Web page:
Taking Care of New Converts

Taking Care of New Converts
Andrea Propst

I’ve grown up in this truth! I love the Kingdom, ministry, our heritage, and I love souls. “New Converts” is nothing new to my Apostolic vocabulary. Throughout my years serving the Lord, I have seen many people come into the church. Some have left, but a lot have stayed. Some have been people that I have witnessed to and brought to church myself, but it wasn’t until recently that the Lord really started dealing with me about, “how much am I really doing to reach and keep new converts?”

Sis. Karen Rhinehart recently contacted me about a precious saint that was reached through the “Princess Within” conference, and her words have haunted me. “Here am I, send me.” Sure, I’ve prayed that about the direction God has for my life and ministry, but have I truly meant it about souls, specifically? I’m pretty sure we can all relate. We get caught up in our lives, our families, our ministries, and our duties at church, sometimes forgetting what it’s really all about—souls!
Philippians 2:4 says, “Look not every man on his own things, but every man also on the things of others.” It isn’t always comfortable or convenient to love others enough to put aside our own interests and plans. It’s easy to say, “Well, either they want it or they don’t!” and walk away feeling like we’ve done enough. But have we? Have I?

As Christians, we are to be Christ-like. Christ’s ministry was to heal, mend, save, and love unconditionally. Outreach was the heartbeat of Jesus’ ministry. Shouldn’t it be ours, also?
So with the words “Here am I, send me” ringing in my ears, I began to answer this call to reach further, reach more, and reach even when it’s a little uncomfortable. Having just experienced a miraculous healing from a 20-month, undiagnosed, debilitating medical condition, I was having feelings of inadequacy. But, I began saying to the Lord “Here am I, send me.” And He is, in a way I never imagined!

Here’s a little about what I’m learning (if you’ve already learned this, then I’m sorry I’m a little behind).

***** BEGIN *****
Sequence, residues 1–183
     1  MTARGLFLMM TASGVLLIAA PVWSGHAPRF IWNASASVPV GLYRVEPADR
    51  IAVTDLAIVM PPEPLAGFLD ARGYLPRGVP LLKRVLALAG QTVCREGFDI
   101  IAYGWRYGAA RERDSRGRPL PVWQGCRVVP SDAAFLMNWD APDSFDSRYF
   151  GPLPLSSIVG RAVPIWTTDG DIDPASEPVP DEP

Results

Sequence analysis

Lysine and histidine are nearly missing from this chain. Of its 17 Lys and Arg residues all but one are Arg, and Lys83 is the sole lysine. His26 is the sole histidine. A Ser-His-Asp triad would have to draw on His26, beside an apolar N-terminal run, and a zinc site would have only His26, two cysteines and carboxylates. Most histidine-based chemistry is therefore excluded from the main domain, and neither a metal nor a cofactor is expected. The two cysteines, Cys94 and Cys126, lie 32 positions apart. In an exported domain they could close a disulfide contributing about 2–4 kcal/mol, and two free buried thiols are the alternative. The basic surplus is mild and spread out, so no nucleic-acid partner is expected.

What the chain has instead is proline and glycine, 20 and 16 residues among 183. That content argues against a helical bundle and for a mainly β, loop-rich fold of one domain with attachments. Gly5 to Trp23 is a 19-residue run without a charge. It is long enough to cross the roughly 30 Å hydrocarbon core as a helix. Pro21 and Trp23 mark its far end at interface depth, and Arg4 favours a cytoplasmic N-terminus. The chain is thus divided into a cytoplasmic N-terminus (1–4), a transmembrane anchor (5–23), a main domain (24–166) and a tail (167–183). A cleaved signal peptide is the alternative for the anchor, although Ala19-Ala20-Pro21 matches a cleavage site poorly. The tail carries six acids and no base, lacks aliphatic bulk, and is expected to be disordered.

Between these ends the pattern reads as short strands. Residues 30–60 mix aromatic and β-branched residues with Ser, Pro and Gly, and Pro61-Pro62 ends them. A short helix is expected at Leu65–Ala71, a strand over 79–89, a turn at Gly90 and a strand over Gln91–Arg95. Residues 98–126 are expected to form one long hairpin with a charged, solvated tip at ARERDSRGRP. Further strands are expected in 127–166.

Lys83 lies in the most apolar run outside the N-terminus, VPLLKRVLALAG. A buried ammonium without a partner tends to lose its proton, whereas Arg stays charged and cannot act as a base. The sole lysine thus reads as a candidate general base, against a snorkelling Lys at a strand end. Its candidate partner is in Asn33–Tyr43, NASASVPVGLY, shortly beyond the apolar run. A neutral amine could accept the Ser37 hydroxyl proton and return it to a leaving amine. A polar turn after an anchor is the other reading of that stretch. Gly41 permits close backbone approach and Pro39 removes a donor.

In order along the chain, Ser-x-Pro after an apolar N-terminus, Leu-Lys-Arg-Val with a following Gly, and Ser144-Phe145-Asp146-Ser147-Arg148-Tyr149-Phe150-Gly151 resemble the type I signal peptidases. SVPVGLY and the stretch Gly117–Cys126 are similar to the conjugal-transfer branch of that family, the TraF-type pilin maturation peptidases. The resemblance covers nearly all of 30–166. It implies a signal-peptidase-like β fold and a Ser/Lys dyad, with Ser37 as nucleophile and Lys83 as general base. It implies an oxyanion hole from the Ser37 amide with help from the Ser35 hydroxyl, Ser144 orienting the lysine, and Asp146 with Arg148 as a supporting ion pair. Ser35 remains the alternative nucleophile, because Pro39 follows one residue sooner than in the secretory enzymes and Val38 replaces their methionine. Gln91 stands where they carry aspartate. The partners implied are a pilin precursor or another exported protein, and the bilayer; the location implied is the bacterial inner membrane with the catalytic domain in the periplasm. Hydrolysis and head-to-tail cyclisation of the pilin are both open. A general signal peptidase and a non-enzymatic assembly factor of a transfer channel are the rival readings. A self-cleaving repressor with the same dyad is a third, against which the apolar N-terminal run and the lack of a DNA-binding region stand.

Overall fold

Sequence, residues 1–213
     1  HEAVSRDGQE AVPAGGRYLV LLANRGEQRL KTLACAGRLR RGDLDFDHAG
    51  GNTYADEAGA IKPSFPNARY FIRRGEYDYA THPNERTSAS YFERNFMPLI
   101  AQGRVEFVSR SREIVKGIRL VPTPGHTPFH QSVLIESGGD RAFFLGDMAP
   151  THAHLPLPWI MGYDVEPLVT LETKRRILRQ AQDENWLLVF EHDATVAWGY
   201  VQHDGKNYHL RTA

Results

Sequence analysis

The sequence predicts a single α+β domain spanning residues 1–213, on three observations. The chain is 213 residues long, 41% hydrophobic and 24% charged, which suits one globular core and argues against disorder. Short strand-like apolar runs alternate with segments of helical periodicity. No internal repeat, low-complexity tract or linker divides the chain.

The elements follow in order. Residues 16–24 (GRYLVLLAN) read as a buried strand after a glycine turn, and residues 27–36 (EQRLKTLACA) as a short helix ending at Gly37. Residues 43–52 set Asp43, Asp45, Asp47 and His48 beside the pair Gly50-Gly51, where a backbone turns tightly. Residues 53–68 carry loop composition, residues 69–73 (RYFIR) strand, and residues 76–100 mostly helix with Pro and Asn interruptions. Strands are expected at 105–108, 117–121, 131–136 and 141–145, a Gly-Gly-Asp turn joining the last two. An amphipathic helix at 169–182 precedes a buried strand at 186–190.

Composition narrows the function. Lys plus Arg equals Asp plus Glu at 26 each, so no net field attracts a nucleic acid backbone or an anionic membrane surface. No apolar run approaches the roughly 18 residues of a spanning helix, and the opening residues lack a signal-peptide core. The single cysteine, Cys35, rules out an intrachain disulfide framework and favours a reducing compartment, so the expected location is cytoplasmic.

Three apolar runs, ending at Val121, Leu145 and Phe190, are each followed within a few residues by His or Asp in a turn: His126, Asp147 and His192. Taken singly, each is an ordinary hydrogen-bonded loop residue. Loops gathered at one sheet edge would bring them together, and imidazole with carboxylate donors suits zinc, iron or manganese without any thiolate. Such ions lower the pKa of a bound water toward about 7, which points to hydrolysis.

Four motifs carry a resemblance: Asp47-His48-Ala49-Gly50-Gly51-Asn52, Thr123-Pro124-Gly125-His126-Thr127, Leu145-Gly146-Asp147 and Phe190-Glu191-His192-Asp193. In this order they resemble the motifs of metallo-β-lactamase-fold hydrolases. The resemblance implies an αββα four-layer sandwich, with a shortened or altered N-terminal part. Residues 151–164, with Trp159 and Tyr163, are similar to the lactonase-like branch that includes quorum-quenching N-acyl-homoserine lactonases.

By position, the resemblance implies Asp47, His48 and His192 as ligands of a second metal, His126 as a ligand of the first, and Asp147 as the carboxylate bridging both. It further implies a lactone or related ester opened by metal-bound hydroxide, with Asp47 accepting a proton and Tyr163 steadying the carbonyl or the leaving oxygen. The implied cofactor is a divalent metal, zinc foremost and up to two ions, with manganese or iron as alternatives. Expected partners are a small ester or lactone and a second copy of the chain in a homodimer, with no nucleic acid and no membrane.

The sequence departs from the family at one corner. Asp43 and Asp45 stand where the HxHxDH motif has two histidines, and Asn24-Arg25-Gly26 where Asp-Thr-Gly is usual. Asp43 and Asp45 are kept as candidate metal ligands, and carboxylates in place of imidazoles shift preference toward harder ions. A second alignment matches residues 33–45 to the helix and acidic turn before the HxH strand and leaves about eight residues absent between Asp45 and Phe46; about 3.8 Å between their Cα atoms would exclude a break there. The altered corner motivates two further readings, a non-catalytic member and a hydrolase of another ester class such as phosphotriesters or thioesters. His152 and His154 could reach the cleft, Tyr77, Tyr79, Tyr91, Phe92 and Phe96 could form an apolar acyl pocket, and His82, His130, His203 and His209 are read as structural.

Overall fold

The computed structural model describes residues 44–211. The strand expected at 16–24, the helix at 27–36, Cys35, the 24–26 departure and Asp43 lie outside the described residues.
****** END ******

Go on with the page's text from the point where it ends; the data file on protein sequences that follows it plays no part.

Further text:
If you don’t want the Lord to send you, then don’t pray, “Here am I, send me:”

New converts don’t always act the way we want them to—but who does? When they fall, we love, support and guide them back to the right path. After all, the scriptures do liken them to babies (1 Corinthians 3, 1 Peter 2). So we “mother” them, as we should.

It is important to stay in constant contact with them, whether by phone, text, email, visits, or just meeting up for coffee. We must talk to them several times a week. It is important to keep a relationship with our new converts. Not just on a spiritual level, but developing a friendship with them will help them to trust and believe us when we tell them about the Word of God and all of the blessings that come with serving Him.

Bible studies are vital. They are hungry to know more about the Word and truth. If we don’t feed them, they will not survive. It’s a time investment on our part, but worth it!

Connections with other members in the church are so important. It is said that if a new member doesn’t develop seven close friendships within six months, they won’t stay! Wow, that’s an eye-opener!

I’ve had to be willing to step out of my comfort zone and allow God to use me the way He wants. If there’s one thing I’ve always known, it’s that wherever God wants to use me, He will not throw me out there on my own. He will always provide the tools and resources needed to complete the job He has called me to. Ministering to and connecting with new converts is no different.

So, knowing that, will you pray, “Here am I, send me?”

Andrea Propst writes on behalf’ of the ALJC Women’s Esprit Department. She and her husband Darrell make their home in Columbus, Ohio, where they attend Calvary Apostolic Church.

The above article, “Taking Care of New Converts” was written by Andrea Propst. The article was excerpted from Apostolic Witness Magazine. January 2014.

The material is copyrighted and should not be reprinted under any other name or author. However, this material may be freely used for personal study or research purposes.

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